12/02/2016

SeaWorld rescues stranded sea lion in California restuarant

SeaWorld rescues stranded sea lion in California restuarant

SeaWorld California’s animal rescue team received an unusual call this week to come to the aid of a malnourished young sea lion which was found asleep in a booth in a San Diego restaurant.

Staff at San Diego’s La Jolla restaurant found the eight month old California sea lion pup in the Marine Room dining room but are not sure how it managed to get in.

Upon bringing her back to the park’s Animal Rescue Center, the team reports that the sea lion is extremely malnourished and dehydrated.

Weighing in at just over 9 kilograms, the sea lion is considered a micro pup meaning that she is half the weight she should be at her age. Animal care specialists immediately began a rehydration process including both sub-cutaneous and oral fluids. They are also keeping watch on the animal’s left eye, which remains shut and has some drainage coming out of it. SeaWorld is cautiously optimistic about the sea lion’s recovery, hoping she can be rehabilitated and returned to the wild.

SeaWorld animal experts believe that while today’s rescue is somewhat unorthodox, what isn’t surprising is that these young animals are seeking higher, dryer ground. Because of high tides, El Niño and an ongoing Unusual Mortality Event with California sea lions, the marine park is continuing to see a higher-than-normal number of strandings on local beaches, as are other rehabilitation facilities along the California coast. Because the younger animals are finding it difficult to find food, they become emaciated. Their hydration comes from the fish they eat, so when they are malnourished, they then become dehydrated. Dehydration makes it more difficult to regulate their body temperature. This is when they seek food and a warm, dry place.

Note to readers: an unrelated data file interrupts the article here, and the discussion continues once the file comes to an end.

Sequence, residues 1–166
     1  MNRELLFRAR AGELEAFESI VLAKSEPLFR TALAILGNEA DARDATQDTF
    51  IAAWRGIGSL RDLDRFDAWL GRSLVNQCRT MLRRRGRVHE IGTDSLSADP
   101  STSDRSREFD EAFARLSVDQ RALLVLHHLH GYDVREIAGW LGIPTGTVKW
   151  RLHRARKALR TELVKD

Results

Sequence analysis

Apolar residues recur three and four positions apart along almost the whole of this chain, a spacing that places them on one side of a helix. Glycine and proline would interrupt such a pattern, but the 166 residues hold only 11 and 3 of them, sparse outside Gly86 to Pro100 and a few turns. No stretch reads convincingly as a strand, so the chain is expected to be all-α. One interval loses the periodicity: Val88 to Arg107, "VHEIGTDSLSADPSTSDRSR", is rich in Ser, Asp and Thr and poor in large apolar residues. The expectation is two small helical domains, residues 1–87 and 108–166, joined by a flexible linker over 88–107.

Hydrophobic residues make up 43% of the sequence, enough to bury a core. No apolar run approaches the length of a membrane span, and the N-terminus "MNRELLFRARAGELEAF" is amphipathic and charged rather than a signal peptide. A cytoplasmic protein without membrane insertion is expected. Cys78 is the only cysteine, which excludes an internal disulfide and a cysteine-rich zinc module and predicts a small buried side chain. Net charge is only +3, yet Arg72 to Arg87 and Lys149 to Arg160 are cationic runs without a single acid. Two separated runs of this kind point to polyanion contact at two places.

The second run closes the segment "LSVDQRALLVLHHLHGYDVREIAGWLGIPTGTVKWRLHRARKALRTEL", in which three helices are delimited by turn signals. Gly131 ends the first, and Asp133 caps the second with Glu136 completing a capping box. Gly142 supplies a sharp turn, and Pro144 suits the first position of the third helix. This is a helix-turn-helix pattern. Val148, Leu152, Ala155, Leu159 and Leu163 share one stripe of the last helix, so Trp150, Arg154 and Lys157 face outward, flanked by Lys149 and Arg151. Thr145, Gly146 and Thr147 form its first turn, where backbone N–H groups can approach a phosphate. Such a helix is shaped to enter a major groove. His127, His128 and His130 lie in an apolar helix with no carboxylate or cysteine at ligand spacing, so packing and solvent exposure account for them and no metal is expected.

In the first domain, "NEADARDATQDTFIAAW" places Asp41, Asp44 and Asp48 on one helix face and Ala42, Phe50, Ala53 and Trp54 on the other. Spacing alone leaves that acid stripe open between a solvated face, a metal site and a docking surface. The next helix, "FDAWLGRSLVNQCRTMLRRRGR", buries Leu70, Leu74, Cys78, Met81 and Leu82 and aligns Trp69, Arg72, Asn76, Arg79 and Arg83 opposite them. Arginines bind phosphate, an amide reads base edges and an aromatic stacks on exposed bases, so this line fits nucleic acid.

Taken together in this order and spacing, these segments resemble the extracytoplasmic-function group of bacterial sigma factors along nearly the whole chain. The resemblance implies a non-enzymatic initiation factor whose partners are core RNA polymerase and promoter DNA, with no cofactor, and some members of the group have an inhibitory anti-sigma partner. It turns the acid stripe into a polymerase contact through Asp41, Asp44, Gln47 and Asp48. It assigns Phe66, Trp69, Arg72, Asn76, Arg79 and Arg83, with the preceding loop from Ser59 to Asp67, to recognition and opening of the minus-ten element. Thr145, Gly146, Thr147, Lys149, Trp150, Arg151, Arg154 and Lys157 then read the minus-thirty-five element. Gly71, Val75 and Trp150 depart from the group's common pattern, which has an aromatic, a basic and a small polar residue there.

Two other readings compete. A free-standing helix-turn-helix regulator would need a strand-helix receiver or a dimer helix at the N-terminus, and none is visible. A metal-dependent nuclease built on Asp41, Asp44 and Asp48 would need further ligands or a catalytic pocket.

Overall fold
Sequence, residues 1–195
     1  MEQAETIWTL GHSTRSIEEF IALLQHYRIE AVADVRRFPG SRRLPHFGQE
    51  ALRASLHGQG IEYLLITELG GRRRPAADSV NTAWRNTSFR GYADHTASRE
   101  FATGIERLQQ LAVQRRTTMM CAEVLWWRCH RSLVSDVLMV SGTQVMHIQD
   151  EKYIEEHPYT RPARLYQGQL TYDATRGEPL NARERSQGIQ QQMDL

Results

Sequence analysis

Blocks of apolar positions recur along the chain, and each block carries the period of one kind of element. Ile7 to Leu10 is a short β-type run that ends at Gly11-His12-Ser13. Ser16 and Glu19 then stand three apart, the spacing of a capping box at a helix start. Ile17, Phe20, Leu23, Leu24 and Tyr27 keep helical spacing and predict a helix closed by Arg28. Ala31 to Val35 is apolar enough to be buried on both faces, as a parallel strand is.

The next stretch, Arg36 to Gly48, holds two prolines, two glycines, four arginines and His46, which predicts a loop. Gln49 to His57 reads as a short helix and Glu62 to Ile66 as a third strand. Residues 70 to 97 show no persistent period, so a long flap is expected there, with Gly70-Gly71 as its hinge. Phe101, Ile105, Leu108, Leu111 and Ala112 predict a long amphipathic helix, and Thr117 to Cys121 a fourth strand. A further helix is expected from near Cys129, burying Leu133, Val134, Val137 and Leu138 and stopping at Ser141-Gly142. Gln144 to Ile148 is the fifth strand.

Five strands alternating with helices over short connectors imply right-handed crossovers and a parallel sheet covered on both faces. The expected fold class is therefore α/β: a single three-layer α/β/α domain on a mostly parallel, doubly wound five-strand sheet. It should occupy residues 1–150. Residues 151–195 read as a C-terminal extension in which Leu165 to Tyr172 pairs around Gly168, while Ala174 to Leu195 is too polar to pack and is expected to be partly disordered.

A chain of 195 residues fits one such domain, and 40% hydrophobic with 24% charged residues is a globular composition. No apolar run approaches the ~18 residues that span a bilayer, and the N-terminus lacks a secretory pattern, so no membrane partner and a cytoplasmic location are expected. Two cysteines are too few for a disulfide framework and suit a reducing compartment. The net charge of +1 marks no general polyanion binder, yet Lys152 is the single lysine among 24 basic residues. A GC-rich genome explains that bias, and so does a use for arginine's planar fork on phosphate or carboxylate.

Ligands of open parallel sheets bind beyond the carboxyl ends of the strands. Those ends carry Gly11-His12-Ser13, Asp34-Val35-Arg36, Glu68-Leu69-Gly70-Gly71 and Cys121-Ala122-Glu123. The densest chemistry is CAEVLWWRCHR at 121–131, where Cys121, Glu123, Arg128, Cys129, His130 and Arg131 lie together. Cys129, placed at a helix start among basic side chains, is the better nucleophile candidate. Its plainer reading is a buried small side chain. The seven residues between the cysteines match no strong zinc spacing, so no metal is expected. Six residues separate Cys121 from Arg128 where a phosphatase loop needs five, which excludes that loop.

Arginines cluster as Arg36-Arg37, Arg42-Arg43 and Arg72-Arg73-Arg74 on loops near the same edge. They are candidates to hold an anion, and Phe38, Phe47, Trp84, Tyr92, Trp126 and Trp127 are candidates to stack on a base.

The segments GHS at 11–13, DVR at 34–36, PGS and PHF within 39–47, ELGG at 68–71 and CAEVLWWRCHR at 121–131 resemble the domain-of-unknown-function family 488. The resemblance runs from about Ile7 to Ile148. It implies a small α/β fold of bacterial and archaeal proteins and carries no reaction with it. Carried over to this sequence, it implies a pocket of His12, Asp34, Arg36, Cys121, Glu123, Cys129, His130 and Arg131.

So far this year, SeaWorld San Diego has rescued 47 marine mammals (40 sea lions, six harbor seals and one Guadalupe fur seal). In 2015, SeaWorld rescued 1,057 marine mammals (990 of which were California sea lions).

For further information about SeaWorld’s conservation work, visit www.seaworldcares.com.